Philly Gets a “C” in Small Business Friendliness
Philadelphia’s small business friendliness is on the upswing. The city got a “C,” according to the most recent Small Business Sentiment Survey from Thumbtack, but that’s a nice improvement from the “D” the city earned last year.
The study is the product of Thumbtack surveying 10,000 small businesses nationwide. For Philly, it found big one-year improvements in ease of hiring (C- to B), employment regulations (C- to B) and friendliness regarding licensing and fees (C to B.)
The small businesses provided a rosy financial outlook: 77.7 percent predicted that finances will be a little better or substantially better three months from now. More than a quarter (26.4 percent) expect revenues to climb more than 10 percent over the next three months, and 47.3 percent expect revenues to jump 1 percent to 10 percent during that period.
Still, hiring remains an issue. When asked how difficult or easy it is to fill job openings, 37.9 percent categorized it as somewhat difficult or very difficult. Just 16.7 percent called it “very easy.” Meanwhile, 67 percent have not attempted to fill full- or part-time jobs over the past three months.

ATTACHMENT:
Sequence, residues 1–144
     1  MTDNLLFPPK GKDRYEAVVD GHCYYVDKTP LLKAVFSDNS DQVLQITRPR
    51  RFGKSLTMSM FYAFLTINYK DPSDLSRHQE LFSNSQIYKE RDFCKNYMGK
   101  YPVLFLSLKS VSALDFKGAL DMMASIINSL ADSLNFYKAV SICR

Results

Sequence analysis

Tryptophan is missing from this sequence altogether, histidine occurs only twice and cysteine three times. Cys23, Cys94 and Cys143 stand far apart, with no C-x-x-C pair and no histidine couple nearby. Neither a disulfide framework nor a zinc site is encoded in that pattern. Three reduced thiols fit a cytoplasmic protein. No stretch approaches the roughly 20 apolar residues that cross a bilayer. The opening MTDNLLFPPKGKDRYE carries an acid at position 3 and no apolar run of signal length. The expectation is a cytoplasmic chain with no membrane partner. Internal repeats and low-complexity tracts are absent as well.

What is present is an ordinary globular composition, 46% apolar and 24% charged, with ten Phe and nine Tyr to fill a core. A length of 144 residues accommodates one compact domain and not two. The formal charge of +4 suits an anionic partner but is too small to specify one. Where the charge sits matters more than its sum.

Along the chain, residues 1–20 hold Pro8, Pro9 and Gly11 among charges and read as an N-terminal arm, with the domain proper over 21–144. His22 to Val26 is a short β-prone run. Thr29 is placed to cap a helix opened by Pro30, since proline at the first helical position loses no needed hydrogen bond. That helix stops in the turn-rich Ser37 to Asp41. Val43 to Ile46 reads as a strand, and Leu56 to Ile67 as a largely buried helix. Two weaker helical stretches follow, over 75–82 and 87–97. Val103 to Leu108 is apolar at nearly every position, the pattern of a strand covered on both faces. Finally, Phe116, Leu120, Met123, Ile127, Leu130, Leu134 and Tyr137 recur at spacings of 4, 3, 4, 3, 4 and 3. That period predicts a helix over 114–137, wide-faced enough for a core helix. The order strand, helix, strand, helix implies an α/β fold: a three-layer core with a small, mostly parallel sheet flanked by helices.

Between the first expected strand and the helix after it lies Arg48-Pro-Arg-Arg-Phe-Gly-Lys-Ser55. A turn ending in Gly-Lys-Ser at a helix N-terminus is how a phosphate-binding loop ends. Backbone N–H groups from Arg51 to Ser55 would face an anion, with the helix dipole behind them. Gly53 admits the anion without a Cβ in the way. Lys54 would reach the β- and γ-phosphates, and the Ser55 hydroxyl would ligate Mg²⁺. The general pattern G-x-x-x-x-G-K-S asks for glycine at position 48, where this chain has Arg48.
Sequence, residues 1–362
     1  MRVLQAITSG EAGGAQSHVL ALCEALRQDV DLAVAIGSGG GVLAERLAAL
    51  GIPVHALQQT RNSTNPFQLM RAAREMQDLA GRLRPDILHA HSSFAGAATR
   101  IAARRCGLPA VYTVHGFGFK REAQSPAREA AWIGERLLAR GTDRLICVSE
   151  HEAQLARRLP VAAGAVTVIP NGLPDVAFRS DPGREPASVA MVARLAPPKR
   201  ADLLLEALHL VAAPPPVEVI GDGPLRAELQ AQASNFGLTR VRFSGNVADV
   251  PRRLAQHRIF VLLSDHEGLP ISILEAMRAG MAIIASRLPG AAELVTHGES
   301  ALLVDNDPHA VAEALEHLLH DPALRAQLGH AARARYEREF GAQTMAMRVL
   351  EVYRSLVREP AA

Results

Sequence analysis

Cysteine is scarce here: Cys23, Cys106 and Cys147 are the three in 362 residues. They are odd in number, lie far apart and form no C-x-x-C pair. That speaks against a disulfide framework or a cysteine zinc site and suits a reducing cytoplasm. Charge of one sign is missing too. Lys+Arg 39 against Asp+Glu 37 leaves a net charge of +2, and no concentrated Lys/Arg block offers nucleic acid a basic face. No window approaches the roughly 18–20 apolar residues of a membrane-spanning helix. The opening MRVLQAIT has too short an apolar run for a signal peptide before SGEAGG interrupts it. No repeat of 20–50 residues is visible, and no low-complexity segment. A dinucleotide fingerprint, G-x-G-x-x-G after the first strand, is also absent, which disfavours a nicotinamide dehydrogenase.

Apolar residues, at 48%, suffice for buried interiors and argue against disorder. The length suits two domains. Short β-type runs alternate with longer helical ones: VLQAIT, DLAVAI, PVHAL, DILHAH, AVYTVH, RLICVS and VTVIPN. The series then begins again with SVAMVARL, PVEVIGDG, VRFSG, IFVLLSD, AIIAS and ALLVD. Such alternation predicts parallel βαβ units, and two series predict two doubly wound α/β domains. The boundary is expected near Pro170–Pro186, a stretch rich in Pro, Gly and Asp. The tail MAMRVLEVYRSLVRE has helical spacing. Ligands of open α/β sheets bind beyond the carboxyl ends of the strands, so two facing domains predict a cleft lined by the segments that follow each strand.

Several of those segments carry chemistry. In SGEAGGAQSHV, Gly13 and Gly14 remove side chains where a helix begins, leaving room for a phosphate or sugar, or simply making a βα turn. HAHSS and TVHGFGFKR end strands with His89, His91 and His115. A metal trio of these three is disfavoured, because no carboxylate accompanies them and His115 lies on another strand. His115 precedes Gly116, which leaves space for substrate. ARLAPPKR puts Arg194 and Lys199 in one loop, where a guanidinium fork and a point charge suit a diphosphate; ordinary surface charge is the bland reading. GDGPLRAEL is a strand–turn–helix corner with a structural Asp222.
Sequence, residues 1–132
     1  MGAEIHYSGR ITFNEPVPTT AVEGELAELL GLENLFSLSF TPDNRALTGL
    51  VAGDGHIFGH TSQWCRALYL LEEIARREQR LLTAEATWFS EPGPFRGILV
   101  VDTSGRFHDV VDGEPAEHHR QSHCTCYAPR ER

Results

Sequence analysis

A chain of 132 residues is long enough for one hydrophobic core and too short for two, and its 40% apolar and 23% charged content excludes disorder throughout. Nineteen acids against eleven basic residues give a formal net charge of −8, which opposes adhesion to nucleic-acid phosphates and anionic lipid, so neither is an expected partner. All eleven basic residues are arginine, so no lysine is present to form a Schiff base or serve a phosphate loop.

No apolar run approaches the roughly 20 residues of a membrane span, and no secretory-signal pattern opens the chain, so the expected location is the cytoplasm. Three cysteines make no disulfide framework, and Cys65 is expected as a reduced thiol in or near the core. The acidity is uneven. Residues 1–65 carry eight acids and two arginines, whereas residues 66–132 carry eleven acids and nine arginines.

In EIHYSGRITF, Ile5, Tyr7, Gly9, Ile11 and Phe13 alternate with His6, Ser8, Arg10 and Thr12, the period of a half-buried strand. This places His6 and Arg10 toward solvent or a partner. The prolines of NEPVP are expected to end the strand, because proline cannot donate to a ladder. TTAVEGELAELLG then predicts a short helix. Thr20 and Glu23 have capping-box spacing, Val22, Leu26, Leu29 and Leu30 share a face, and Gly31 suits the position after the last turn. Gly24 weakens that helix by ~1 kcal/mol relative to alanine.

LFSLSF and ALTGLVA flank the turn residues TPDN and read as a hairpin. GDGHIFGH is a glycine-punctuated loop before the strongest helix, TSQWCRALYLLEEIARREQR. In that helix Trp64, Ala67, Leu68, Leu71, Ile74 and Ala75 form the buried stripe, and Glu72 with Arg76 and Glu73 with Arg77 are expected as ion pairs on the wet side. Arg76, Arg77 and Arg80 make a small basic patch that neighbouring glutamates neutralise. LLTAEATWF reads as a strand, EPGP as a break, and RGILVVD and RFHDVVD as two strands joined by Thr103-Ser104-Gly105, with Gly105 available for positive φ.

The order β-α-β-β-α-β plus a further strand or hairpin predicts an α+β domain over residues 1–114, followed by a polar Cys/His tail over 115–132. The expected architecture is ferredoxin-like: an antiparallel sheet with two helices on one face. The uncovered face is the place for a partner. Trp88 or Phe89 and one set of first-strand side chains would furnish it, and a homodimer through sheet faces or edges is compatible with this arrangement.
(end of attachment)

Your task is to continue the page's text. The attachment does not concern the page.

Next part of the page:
Here’s a list of the top problems cited by the survey respondents:
- Access to credit: 18.5 percent
- Uncertain economic conditions: 15.7 percent
- Poor sales: 12 percent
- Competition from big businesses or overseas: 12 percent
- Other: 9.3 percent
- Taxes: 8.3 percent
But stats just paint part of the picture. Here are some quotes from small business owners surveyed:
- “At the height of my business, I was doing quite well. Eight years later, it is down significantly. Been that way since the 2008 financial crisis. Hasn’t changed much since then,” said a piano teacher in Levittown, Pa.
- “Banks are actually saying no to small businesses at an alarming rate. How can you improve this economy without small businesses?” said a caterer in Upper Darby, Pa.
- “As a CPA, the increased complexity of the tax code brings me more clients,” said a tax preparer in Norristown, Pa.
- “Competitors are dropping prices and quality causing it to be impossible for us to sell work. The profession we are in has so much regulation that if you chose to not adhere to the required compliance issues, you can cut your prices significantly and force legitimate business to suffer,” said a roof installer in Medford, N.J.